Patterns: targeting hosts and groups

When you execute Ansible through an ad-hoc command or by running a playbook, you must choose which managed nodes or groups you want to execute against. Patterns let you run commands and playbooks against specific hosts and/or groups in your inventory. An Ansible pattern can refer to a single host, an IP address, an inventory group, a set of groups, or all hosts in your inventory. Patterns are highly flexible - you can exclude or require subsets of hosts, use wildcards or regular expressions, and more. Ansible executes on all inventory hosts included in the pattern.

Using patterns

You use a pattern almost any time you execute an ad-hoc command or a playbook. The pattern is the only element of an ad-hoc command that has no flag. It is usually the second element:

ansible <pattern> -m <module_name> -a "<module options>"

For example:

ansible webservers -m service -a "name=httpd state=restarted"

In a playbook the pattern is the content of the hosts: line for each play:

- name: <play_name>
  hosts: <pattern>

For example:

- name: restart webservers
  hosts: webservers

Since you often want to run a command or playbook against multiple hosts at once, patterns often refer to inventory groups. Both the ad-hoc command and the playbook above will execute against all machines in the webservers group.

Common patterns

This table lists common patterns for targeting inventory hosts and groups.




All hosts

all (or *)

One host


Multiple hosts

host1:host2 (or host1,host2)

One group


Multiple groups


all hosts in webservers plus all hosts in dbservers

Excluding groups


all hosts in webservers except those in atlanta

Intersection of groups


any hosts in webservers that are also in staging


You can use either a comma (,) or a colon (:) to separate a list of hosts. The comma is preferred when dealing with ranges and IPv6 addresses.

Once you know the basic patterns, you can combine them. This example:


targets all machines in the groups ‘webservers’ and ‘dbservers’ that are also in the group ‘staging’, except any machines in the group ‘phoenix’.

You can use wildcard patterns with FQDNs or IP addresses, as long as the hosts are named in your inventory by FQDN or IP address:


You can mix wildcard patterns and groups at the same time:


Limitations of patterns

Patterns depend on inventory. If a host or group is not listed in your inventory, you cannot use a pattern to target it. If your pattern includes an IP address or hostname that does not appear in your inventory, you will see an error like this:

[WARNING]: No inventory was parsed, only implicit localhost is available
[WARNING]: Could not match supplied host pattern, ignoring: *

Your pattern must match your inventory syntax. If you define a host as an alias:

    http_port: 80
    maxRequestsPerChild: 808

you must use the alias in your pattern. In the example above, you must use host1 in your pattern. If you use the IP address, you will once again get the error:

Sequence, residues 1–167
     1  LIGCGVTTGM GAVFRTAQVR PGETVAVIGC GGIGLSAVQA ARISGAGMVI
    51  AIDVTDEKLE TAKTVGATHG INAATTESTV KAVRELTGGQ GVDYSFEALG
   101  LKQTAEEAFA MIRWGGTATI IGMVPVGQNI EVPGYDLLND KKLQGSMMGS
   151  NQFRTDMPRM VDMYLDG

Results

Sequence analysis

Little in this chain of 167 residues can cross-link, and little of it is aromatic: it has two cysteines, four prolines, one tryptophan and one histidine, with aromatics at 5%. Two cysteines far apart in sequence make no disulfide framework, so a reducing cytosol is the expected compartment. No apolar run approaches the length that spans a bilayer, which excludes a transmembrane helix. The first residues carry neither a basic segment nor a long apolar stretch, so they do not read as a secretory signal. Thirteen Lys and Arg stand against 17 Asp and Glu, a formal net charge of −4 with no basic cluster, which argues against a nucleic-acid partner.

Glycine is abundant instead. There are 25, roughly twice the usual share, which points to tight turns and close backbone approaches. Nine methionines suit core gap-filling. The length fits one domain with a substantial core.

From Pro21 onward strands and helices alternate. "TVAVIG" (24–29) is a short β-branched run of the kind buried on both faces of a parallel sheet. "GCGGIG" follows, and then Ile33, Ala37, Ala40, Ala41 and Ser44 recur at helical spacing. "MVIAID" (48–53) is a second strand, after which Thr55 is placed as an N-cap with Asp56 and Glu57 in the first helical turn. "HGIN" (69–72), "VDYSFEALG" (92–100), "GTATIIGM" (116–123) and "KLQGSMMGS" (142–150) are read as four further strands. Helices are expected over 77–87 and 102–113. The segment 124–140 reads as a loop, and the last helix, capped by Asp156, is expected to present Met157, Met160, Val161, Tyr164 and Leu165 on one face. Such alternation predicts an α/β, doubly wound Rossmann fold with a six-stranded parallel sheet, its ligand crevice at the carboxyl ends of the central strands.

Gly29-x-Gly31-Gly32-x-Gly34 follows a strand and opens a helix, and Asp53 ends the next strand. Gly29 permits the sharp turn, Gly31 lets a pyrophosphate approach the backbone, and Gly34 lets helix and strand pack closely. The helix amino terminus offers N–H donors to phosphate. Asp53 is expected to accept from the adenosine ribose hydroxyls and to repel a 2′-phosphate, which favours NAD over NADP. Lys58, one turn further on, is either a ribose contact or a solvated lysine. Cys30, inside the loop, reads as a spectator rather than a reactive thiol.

[WARNING]: Could not match supplied host pattern, ignoring:

Advanced pattern options

The common patterns described above will meet most of your needs, but Ansible offers several other ways to define the hosts and groups you want to target.

Using variables in patterns

You can use variables to enable passing group specifiers via the -e argument to ansible-playbook:

webservers:!{{ excluded }}:&{{ required }}

Using group position in patterns

You can define a host or subset of hosts by its position in a group. For example, given the following group:


you can use subscripts to select individual hosts or ranges within the webservers group:

webservers[0]       # == cobweb
webservers[-1]      # == weber
webservers[0:2]     # == webservers[0],webservers[1]
                    # == cobweb,webbing
webservers[1:]      # == webbing,weber
webservers[:3]      # == cobweb,webbing,weber

Using regexes in patterns

You can specify a pattern as a regular expression by starting the pattern with ~:


Patterns and ansible-playbook flags

You can change the behavior of the patterns defined in playbooks using command-line options. For example, you can run a playbook that defines hosts: all on a single host by specifying -i,. This works even if the host you target is not defined in your inventory. You can also limit the hosts you target on a particular run with the --limit flag:

ansible-playbook site.yml --limit datacenter2

Finally, you can use --limit to read the list of hosts from a file by prefixing the file name with @:

ansible-playbook site.yml --limit @retry_hosts.txt

If RETRY_FILES_ENABLED is set to True, a .retry file will be created after the ansible-playbook run containing a list of failed hosts from all plays. This file is overwritten each time ansible-playook finishes running.

ansible-playbook site.yml –limit @site.retry

To apply your knowledge of patterns with Ansible commands and playbooks, read Introduction to ad-hoc commands and Intro to Playbooks.

See also

Introduction to ad-hoc commands

Examples of basic commands

Working with playbooks

Learning the Ansible configuration management language

Mailing List

Questions? Help? Ideas? Stop by the list on Google Groups

#ansible IRC chat channel